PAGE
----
Christopher R. Hoyt (Missouri-Kansas City) shared with the TaxProf E-Mail Discussion Group his analysis of three private letter ruliongs released by the IRS on Friday (April 14, 2008): PLR 200816002, 200816003, and 200816004 (Jan. 14, 2008). He has agreed to let me share his thoughts on the rulings with the broader tax community on TaxProf Blog:
PLR 200816002 - 200816004 informs us that there is a new type of eligible shareholder of a Subchapter S corporation: a single-member LLC that is completely owned by an eligible S corporation shareholder (e.g., an individual).
The statutes provide that only an individual, an estate (including a bankruptcy estate), a charity, a qualified retirement plan, and certain specific types of trusts (grantor trust, QSST and ESBT) are eligible to be shareholders of an S corporation. §§ 1361(b)(1)(B), 1361(c)(2), 1361(c)(6) and 1361(d). One other eligible shareholder is another S corporation, but only when that S corporation is a 100% shareholder (making the controlled S corporation a 100% subsidiary). § 1361(b)(3). A partnership cannot own stock of an S corporation. On the day that an S corporation has an ineligible shareholder it loses its S corporation tax statutes and is instead treated as a C corporation. § 1362(d)(2).
In the PLR, the Service permitted a single-member LLC to be an S corporation shareholder. The logic is that the single-member LLC is disregarded for federal tax purposes. Reg. § 301.7701-2(a). The tax information of the LLC is reported on the sole owner's personal income tax return, just as was the case when the individual personally owned the stock. In the ruling, an individual transferred his S corporation stock as well as other property to a single-member LLC, where the shareholder was the sole owner of the LLC.
- Seems to me that if another person ever became a member of the LLC, the corporation would lose its S corporation tax status because the LLC would be deemed to be a partnership for tax purposes. By having an LLC as an owner of an S corporation, there may be a greater risk of an inadvertent termination?
- Basic question: when would someone recommend putting S corporation stock into a single-member LLC? What are the advantages? Some sort of administrative convenience? Greater estate tax discounts if the other property contributed is marketable securities? Perhaps it is helpful when the LLC will engage in a business related to the S corporation and the financial activities will be consolidated?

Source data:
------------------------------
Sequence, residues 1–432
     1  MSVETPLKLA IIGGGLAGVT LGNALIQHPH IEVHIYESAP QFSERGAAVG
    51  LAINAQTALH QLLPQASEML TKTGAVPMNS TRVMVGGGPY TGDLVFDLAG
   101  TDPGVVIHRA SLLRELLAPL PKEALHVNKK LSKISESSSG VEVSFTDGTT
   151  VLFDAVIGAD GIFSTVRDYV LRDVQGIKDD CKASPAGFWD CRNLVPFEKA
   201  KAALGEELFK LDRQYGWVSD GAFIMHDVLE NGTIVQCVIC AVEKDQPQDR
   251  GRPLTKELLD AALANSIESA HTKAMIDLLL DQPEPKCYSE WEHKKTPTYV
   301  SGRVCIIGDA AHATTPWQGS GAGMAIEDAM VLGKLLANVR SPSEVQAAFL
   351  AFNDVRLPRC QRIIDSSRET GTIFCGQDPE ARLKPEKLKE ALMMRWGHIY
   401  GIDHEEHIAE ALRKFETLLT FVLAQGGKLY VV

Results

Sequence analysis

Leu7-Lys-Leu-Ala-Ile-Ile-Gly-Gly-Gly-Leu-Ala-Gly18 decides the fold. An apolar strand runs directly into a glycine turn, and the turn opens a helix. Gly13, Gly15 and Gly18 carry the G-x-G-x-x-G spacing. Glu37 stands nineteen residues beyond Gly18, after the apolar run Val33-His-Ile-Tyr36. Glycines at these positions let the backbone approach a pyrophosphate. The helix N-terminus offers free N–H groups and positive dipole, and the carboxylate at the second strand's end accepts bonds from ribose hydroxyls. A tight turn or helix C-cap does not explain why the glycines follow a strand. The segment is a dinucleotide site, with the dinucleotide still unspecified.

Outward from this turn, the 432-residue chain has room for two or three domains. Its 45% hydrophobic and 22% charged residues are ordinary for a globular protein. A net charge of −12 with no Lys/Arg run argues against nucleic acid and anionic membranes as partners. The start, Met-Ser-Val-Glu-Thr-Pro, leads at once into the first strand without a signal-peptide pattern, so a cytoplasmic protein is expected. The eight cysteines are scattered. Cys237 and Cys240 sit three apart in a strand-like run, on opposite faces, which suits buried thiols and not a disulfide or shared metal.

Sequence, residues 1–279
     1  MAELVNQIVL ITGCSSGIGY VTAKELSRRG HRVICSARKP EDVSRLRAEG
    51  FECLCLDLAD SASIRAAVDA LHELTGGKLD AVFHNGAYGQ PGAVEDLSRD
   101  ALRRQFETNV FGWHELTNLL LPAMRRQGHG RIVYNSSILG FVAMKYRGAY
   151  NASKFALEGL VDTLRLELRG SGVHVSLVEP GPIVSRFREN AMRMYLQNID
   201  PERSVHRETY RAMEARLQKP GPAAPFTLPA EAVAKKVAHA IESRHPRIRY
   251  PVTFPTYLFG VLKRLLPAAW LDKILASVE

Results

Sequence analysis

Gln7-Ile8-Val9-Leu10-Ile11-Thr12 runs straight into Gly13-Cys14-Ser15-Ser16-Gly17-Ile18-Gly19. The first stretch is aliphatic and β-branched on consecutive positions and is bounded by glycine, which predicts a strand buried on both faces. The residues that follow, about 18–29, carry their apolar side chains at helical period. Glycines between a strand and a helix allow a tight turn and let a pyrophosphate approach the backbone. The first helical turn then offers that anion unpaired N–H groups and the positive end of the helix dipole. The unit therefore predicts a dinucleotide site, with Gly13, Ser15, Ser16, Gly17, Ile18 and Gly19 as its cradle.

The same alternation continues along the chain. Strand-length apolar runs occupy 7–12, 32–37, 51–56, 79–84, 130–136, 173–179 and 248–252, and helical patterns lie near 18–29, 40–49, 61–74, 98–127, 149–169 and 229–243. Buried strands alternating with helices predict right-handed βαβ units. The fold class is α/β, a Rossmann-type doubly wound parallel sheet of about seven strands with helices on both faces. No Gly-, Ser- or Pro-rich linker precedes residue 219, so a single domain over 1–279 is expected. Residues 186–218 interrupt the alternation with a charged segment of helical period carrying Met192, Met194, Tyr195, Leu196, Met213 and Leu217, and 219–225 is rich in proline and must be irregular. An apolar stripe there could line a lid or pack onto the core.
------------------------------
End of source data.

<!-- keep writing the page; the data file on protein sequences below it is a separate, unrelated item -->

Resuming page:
Comments and suggestions are welcome.
This is very interesting, and it is consistent with prior IRS positions. For example, PLR 20000815 and 20010712 describe situations where each of two shareholders of an S corporation formed two entities. One entity was an LLC and the other was a state law limited partnership in which the partners were the LLC and the shareholder. The S shareholder then transferred part of the S stock to each of the two entities. The Service concluded that both the LLC and the partnership were disregarded entities and therefore for tax purposes, the shareholder was still the owner of the S corporation stock and the S election remained valid. To reach that conclusion the Service reasoned, correctly in my view, that the LLC was a disregarded entity because it had only the shareholder as its owner, and that the partnership was also a disregarded entity because it had only one owner - the shareholder. Ownership of a partnership interest by the LLC was disregarded because the LLC was disregarded, which left the partnership with only the shareholder as owner.
I've wondered why someone would do the transactions described in the ruling and I'm told that the reason is likely that more owners make the corporation a better vehicle for asset protection under state law.
Like Alice, I have heard that the reason for holding S Corp shares through a single-member LLC is to gain the advantage of charging-order protection in the LLC context. Under most states' LLC statutes, a creditor of an LLC member is entitled only to a charging order on the LLC member's distributional interest, meaning that the creditor is entitled to whatever distributions are made to the debtor-member. Similar to a wage garnishment arrangement. Importantly, the creditor does not acquire the debtor-member's managerial rights. So, in theory, the debtor LLC member could simply refuse to make any distributions from the entity, leaving the creditor with a charging order on a non-existent payment stream.
If all of this sounds too good to be true in the context of a single-member LLC, it probably is. Recent bankruptcy cases concerning single-member LLCs have blown through the charging order protection. See In re Modanlo, 2007 WL 2609470 (Bankr. D. Md. 2006); In re Albright, 291 B.R. 538 (Bankr. D. Colo. 2003). While these decisions rely on bankruptcy law to conclude that the bankruptcy trustee possessed the managerial rights of the debtor-member, each case characterizes the state-law charging order protection as essentially meaningless in the single-member context. [The Albright court in a footnote goes so far as to note the creation of "peppercorn" interests in other LLC members could be disregarded under fraudulent conveyance theory. Whether this "peppercorn" analysis would extend to the creation of a partnership between an individual and that individual's single-member LLC is another question.]
So the purported asset-protection advantages of holding S corporation stock through a single-member LLC that is disregarded for tax purposes may not amount to much. On the other hand, having a multiple-shareholder S corporation that is organized under state law as an LLC that checks the box should provide the owners with the benefits of charging-order protection.
April 21, 2008 in IRS News | Permalink
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